When I began my semester at Kalu Yala in January, I planned to “delve into our relationships as humans”. Well, I’ve finally compiled an acceptable amount of information to be able to form my introduction. Here’s an excerpt!
As conscious beings, we often contemplate our happiness, ourselves, our lives, in our living rooms, our coffee shops, our classrooms. We are both freed and hindered by our consciousness; we have more answers and information than any other creature, but we also have more questions and emotional suffering.
Many cultures and groups have tried to appease this suffering, through religion, theology, and self help books. Group therapy, western and traditional medical treatment, rituals, spiritual drugs, internet forums, music, Tibetan harmony bowls, the treatments are numerous. And yet, people still suffer. The wise yogi Krishnamacharya believed in the necessity for an individual approach to illness and suffering (Heart of Yoga, T.K.V. Desikachar, 1995) which I believe to be reasonable, since the minds and background of people are very different. It is likely that there is no way to provide one, uniform treatment for suffering, which I would like to clarify early on.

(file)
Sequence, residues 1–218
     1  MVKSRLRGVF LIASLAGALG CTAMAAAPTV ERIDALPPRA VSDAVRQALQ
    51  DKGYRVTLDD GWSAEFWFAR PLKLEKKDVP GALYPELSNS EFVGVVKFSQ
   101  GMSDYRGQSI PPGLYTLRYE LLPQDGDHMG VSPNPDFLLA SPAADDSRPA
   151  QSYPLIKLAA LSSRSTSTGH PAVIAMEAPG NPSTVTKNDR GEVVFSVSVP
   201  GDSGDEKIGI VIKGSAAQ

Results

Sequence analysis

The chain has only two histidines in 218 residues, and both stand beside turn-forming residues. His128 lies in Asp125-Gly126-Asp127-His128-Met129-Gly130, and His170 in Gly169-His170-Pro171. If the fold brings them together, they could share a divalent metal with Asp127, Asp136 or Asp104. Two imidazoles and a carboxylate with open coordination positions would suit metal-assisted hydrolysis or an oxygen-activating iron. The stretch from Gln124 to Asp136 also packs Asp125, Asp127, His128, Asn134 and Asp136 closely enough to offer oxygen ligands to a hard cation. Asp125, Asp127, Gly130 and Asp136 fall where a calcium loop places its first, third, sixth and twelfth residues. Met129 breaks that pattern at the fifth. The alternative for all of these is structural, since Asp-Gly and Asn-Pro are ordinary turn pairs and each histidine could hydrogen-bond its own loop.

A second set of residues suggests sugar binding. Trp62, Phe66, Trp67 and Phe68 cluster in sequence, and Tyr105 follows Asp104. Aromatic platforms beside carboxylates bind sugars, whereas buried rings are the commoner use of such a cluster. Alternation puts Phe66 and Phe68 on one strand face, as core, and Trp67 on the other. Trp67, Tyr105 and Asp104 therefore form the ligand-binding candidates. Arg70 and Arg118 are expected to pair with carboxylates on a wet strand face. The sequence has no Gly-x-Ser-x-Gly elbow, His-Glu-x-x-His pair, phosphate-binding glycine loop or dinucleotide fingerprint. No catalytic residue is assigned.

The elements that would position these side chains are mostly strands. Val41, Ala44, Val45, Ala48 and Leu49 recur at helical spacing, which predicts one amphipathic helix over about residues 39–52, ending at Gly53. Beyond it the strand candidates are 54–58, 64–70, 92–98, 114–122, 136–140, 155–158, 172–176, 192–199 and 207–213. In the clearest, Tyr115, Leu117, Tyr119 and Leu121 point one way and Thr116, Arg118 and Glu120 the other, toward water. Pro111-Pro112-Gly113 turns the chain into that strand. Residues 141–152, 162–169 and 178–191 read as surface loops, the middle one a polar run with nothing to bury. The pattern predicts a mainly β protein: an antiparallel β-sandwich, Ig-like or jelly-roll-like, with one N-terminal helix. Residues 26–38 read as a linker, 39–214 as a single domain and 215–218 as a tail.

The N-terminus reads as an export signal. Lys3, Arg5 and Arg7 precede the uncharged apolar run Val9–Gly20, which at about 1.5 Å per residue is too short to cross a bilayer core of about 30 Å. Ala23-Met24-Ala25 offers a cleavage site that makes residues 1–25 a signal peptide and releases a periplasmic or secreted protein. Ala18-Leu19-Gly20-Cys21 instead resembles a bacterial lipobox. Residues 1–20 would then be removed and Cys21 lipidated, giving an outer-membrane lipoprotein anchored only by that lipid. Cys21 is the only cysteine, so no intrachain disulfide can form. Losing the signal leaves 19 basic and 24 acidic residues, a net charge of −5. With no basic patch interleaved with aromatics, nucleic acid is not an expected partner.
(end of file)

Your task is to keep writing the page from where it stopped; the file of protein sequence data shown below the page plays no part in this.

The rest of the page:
I advocate, like many others do, wilderness therapy, and expansion of the human relationship with the natural world, as a method to reduce suffering. My experiences so far in the Canadian Boreal Forest and the Panamanian Jungle have given me invaluable optimism and buoyancy in the tumultuous sea of the human condition. I have never felt such passion and love towards anything more than I have towards the tickle of insects on my skin, the warmth of equatorial sunlight, the chant of distant howler monkeys, the bleat of elk, the suppleness of feather moss.
For me, and many others, the simplicity of returning to the original environment that humans inhabited before a time of large cities can be immensely rewarding. As Henry David Thoreau said, “as you simplify your life, the laws of the universe will be simpler; solitude will not be solitude, poverty will not be poverty, nor weakness weakness”.
TO BE CONTINUED!
See also: https://tropicalresearchinstitute.org/community/the-creation-of-a-culture/deep-jungle-deeper-bond-my-relationship-with-the-living-world/
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